Cement tile Roof Repair in a Valley

I have a leak in a valley on my cement tile roof(flat interlocking). I climbed up to investigate and noticed that there was a channel in the valley (approx. 4" wide). I lifted a loose tile and noticed that the felt paper around the channel was very deteriorated. It would crumble when touch in the hand. I want to do the repair myself. I just need some clarification on a couple of things. Here is what I plan to do and tell me if it is correct.
I'm going to:
1. Remove the tile on each side of the channel from the top to the bottom. I'll go as wide as I need to until the felt looks good and go one more. 2. I'll remove the old channel. It looks like it is in good condition. If I can reuse it I will. 3. I'll remove the deteriorated portion of the felt. 4. I'm not sure but, there is probably some type of nail board that the tile gets nailed to. If I need to, I'll remove them to. 5. I'll repaper the valley going across from to to bottom overlapping 6". 6. I replace or reinstall the channel. 7. Replace the nail boards (If I removed them.) 8. Reinstall the cement tile. Replacing any broken ones.
I'm I off base on this. Please guide me in he right direction.
Thanks in advance
PS the channel is about 10'-12' long.
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Use new copper valley and expect all the felt to be crap, so where will you stop??? The leak may be at the peak. Find leak first.
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snipped-for-privacy@webtv.net (m Ransley) wrote in message

When I went into the attic, I could see staining on one side of the valley. I hope this is were the leak is because I re-did everything on this one side of the valley. It was about 100 square feet. Yes, the paper within 3 feet of the valley was crap. Now I'll just sit and wait to see if the side I fixed leaks. If its the other side, I'm not sure were to or how to stop without doinr the whole thing.
thanks for the help.
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On 12 Nov 2004 16:07:38 -0800, suarez snipped-for-privacy@hotmail.com (Kevin) wrote:

I've repaired my 80-year-old concrete tile roof several times myself, on the apron roof sections, but when it started leaking three stories up I called in the pros!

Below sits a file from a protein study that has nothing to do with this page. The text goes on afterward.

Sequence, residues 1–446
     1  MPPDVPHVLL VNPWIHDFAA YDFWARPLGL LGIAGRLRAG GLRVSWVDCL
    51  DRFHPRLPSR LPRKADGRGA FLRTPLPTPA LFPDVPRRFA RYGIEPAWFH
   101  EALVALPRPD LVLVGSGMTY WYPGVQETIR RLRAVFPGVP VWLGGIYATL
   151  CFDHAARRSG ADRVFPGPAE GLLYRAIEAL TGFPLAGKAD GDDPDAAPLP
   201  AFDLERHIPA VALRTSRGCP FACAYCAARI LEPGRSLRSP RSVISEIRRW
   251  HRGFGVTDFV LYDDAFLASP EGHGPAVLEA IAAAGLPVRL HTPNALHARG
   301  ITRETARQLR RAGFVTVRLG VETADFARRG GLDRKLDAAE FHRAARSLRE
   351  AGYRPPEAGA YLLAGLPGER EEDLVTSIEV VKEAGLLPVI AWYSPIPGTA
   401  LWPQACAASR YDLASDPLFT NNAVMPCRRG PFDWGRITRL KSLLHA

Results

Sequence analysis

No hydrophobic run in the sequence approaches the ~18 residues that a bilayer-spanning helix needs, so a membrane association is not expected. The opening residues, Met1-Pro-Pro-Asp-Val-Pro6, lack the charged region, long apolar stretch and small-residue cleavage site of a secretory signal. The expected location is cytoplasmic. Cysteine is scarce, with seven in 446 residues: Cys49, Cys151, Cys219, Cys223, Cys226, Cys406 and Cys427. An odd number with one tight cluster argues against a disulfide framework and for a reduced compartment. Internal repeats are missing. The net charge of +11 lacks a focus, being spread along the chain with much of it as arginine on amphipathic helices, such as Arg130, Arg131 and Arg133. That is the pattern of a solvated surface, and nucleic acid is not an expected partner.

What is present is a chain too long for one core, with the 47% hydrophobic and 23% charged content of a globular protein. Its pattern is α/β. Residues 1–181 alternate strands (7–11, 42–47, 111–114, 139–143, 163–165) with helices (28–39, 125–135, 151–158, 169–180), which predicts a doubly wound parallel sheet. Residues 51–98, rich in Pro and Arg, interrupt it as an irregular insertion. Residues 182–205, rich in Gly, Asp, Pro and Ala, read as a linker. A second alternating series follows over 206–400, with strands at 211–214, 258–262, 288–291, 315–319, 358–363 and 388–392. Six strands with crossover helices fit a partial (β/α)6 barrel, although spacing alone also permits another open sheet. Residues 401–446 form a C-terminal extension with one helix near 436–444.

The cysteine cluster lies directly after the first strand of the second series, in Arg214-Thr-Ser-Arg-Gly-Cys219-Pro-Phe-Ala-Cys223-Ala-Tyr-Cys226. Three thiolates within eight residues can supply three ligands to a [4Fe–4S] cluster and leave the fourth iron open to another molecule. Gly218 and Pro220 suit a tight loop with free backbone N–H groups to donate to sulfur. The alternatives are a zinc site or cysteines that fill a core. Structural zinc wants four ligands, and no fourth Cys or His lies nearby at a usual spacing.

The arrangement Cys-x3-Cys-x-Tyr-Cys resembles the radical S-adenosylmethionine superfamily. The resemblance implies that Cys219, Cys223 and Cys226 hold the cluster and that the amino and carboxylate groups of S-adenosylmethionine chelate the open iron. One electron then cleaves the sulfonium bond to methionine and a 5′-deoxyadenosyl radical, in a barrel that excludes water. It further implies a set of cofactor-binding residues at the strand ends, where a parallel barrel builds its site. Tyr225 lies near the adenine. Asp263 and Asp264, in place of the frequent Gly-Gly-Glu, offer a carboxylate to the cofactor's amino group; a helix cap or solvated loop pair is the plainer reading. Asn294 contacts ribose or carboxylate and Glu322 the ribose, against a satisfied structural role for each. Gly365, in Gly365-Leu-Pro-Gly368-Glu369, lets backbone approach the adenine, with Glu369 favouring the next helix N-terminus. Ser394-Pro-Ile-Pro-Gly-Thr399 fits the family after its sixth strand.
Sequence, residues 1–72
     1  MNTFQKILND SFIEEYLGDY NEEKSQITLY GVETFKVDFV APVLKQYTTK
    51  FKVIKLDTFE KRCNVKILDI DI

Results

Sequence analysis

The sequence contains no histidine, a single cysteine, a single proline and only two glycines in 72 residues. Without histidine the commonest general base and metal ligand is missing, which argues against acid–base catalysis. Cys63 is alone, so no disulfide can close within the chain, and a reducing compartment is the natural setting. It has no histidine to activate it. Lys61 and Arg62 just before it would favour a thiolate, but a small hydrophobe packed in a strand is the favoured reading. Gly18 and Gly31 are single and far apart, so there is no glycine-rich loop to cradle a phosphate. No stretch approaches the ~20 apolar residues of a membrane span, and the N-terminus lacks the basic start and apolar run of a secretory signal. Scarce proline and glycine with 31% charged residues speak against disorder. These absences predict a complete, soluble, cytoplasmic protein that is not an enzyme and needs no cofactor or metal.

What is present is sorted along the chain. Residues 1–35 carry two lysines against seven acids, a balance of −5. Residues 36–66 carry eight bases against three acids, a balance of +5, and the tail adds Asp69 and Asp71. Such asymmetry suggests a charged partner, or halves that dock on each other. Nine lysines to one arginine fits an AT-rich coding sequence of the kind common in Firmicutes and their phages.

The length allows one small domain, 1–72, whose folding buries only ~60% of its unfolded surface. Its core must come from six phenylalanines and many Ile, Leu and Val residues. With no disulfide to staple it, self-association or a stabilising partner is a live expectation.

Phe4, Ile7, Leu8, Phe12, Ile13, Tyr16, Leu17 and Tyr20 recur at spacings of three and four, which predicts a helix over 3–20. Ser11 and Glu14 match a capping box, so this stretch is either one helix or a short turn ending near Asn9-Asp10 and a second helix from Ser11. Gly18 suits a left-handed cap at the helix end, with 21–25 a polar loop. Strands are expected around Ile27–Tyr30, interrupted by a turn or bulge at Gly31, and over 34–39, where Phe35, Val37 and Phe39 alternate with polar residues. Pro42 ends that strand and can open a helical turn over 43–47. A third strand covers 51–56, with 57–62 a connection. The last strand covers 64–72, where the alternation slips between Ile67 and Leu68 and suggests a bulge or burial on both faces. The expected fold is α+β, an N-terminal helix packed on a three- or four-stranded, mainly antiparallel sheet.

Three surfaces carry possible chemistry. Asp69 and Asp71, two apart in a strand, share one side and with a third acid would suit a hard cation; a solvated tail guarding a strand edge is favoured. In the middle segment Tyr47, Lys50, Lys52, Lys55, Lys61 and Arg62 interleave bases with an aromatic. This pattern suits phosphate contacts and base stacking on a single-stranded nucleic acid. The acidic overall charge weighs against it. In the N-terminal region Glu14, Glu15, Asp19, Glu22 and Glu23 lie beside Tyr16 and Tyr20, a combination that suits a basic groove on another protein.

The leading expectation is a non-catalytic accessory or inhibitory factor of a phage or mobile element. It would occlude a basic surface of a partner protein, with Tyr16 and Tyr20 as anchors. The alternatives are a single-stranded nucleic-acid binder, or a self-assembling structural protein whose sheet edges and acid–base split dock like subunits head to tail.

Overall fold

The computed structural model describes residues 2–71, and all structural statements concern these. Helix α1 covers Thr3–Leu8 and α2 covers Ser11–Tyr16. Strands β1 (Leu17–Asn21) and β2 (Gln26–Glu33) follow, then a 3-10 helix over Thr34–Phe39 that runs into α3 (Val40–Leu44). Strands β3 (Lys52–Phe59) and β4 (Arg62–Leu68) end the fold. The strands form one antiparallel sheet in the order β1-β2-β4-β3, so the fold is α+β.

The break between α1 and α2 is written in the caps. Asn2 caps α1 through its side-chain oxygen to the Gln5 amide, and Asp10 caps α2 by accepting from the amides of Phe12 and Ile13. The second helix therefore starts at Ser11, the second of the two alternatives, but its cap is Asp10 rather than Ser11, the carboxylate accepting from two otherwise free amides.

They removed and stacked all the tiles to one side, replaced the wood underlayment wherever it was rotten, and put down peel-and-stick type ice and water membrane against the wood. If memory serves, they then put down regular felt over that, replaced the wooden tile hanger strips (most of the originals were rotted away) and then relaid the tiles.
If your roof still leaks around the valley, you might try the membrane.
The copper sheets used in the valleys on my roof are around twice as wide as on a normal asphalt roof, maybe more, and have a 1 1/2" ridge standing up in the middle of the valley. This ridge directs the water into the valley and keeps it from flowing under the tiles on the other side of the valley, as well as providing a barrier for the row of tiles next to the valley to rest against.
I once had a guy replace two small valleys on the apron roof who used just regular width copper ( 18" I think) and didn't provide the little ridge. He also used regular roofing felt.
The valleys just didn't work at all like they were supposed to and when they got clogged with leaves, the roof leaked because the water spread under the adjoining tiles and flowed under the valley. When the felt got soaked, the water came through the wood underlayment and into the house.
I don't know if all concrete tile roof valleys are made like mine, but if they are, you need that little ridge and the extra wide copper flashing under the tiles.
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Get a moisture meter to pinpoint the leak, guessing is for dummies.
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mRansley wrote:>Get a moisture meter to pinpoint the leak, guessing is for dummies.

Moisture meter?? Pinpoint the leak?? This meter better have a pretty good range! Tom Work at your leisure!
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Yes moisture meter, they have probes you stick in the wood and measure % moisture.
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mRansley wrote:>Yes moisture meter, they have probes you stick in the wood and measure %

So anything above the operating range of the meter will be the "pinpointed" area? Tom Work at your leisure!
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suarez wrote:>I'm going to:

You're right to do the entire valley. You may also want to lap the valley channel (metal?) UNDER the adjacent underlayment. Also go under with any felt you fill in. Good luck. Tom Work at your leisure!
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Like, OH MY GAWD!!!! Not in the VALLEY!!!
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